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Thread: What one has to believe, to believe in gun control.

  1. #1
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    Borrowed from http://www.sweetliberty.org/issues/guns/believe.htmMichael Z. Williamson but first just a taste...

    According to the anti-gun crowd we're supposed to believe:

    That a punk wakes up one morning, and thinks, “Gee, instead of robbing, raping, sodomizing and killing a young woman, why don’t I turn my $400 gun in for $20 and a pizza and go work at McDonald’s?”

    That the more helpless you are, the safer you are from criminals.

    That you should give a mugger your wallet, because he doesn’t really want to shoot you and he’ll let you go, but that you should give him your wallet, because he’ll shoot you if you don’t.

    That Washington DC’s low murder rate of 80.6 per 100,000 is due to strict gun control, and Indianapolis’ high murder rate of 5.5 per 100,000 is attributable to the utter lack of gun control.

    That despite all the outrage about Corporate America’s cavalier treatment of employees, Domino’s Pizza’s demand that employees be unarmed is an altruistic effort to stop them from hurting themselves, and not a calculated financial bid to avoid having a lawsuit filed by a dead robber’s family.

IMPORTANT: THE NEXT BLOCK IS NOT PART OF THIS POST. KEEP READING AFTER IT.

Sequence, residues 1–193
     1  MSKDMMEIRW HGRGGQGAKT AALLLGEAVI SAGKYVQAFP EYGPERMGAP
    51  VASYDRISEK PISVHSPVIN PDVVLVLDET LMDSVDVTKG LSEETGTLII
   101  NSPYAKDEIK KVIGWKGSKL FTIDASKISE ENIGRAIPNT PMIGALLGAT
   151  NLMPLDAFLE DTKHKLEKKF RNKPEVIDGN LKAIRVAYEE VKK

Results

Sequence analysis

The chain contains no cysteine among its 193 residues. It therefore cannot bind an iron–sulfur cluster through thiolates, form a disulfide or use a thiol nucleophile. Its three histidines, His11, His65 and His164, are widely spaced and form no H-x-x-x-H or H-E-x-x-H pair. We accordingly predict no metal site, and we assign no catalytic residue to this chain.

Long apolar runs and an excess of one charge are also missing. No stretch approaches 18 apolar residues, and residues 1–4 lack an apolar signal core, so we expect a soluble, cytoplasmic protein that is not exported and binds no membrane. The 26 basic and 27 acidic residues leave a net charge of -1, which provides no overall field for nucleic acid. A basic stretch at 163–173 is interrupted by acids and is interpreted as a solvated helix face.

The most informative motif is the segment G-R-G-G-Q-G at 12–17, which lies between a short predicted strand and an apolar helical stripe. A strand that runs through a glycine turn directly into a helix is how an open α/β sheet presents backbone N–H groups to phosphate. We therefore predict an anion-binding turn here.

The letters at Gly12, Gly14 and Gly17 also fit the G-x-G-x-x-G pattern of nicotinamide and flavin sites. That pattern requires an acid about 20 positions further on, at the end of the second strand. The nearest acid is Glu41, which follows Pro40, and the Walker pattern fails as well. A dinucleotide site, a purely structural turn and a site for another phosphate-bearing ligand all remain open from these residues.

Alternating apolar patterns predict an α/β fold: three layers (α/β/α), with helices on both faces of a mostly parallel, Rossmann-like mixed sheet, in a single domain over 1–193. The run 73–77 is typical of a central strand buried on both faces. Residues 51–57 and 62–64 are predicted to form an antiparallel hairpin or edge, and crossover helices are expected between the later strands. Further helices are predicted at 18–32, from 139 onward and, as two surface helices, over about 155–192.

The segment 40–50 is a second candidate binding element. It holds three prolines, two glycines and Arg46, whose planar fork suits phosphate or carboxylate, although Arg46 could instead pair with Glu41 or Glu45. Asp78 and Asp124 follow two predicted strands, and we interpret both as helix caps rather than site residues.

That one can sue a store for having a slick floor, falling ceilings, and sharp corners, but if they refuse to let you bring a gun in and you get shot by a criminal, they aren’t liable for enforcing that rule with others.

    That there is no right of self defense, but the police are not legally obligated to respond to my cries for help when disarmed, but you can sue them if they take too long to get to a traffic accident.
    If that whetted your appetite he has a heap more on his site!

  2. #2
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    Interesting read I must say. One thing I found interesting was the Haynes v US decision. I hadn't heard of it and decided to look it up. Wow, is all I can saw. I was especially surprised to see the sanitized versions still requiring criminals to register, but also granting protection from prosecution for possession of weapons.

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    trailblazer2003 wrote:
    Interesting read I must say. One thing I found interesting was the Haynes v US decision. I hadn't heard of it and decided to look it up. Wow, is all I can saw. I was especially surprised to see the sanitized versions still requiring criminals to register, but also granting protection from prosecution for possession of weapons.
    Yeah that is a old one that is fairly well known in legal circles, criminals by their intent do not have to follow the law when it involves self incrimination, and by their nature will not obey the law. Therefore laws only apply to the law abiding citizen. N that is one huge Catch 22!

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